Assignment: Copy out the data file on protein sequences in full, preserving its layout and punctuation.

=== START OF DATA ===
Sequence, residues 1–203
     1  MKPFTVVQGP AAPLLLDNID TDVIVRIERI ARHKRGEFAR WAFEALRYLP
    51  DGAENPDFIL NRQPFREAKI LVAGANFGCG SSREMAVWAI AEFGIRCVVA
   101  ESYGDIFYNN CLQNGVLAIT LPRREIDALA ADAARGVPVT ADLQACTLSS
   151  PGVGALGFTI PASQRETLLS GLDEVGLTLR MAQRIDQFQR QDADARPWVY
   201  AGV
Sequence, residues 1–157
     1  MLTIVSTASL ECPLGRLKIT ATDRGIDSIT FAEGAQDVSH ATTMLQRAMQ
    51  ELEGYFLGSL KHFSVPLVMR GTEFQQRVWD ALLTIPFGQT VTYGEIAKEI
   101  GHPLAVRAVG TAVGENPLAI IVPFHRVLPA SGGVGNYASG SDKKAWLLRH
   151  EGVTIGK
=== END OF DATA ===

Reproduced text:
Sequence, residues 1–203
     1  MKPFTVVQGP AAPLLLDNID TDVIVRIERI ARHKRGEFAR WAFEALRYLP
    51  DGAENPDFIL NRQPFREAKI LVAGANFGCG SSREMAVWAI AEFGIRCVVA
   101  ESYGDIFYNN CLQNGVLAIT LPRREIDALA ADAARGVPVT ADLQACTLSS
   151  PGVGALGFTI PASQRETLLS GLDEVGLTLR MAQRIDQFQR QDADARPWVY
   201  AGV
Sequence, residues 1–157
     1  MLTIVSTASL ECPLGRLKIT ATDRGIDSIT FAEGAQDVSH ATTMLQRAMQ
    51  ELEGYFLGSL KHFSVPLVMR GTEFQQRVWD ALLTIPFGQT VTYGEIAKEI
   101  GHPLAVRAVG TAVGENPLAI IVPFHRVLPA SGGVGNYASG SDKKAWLLRH
   151  EGVTIGK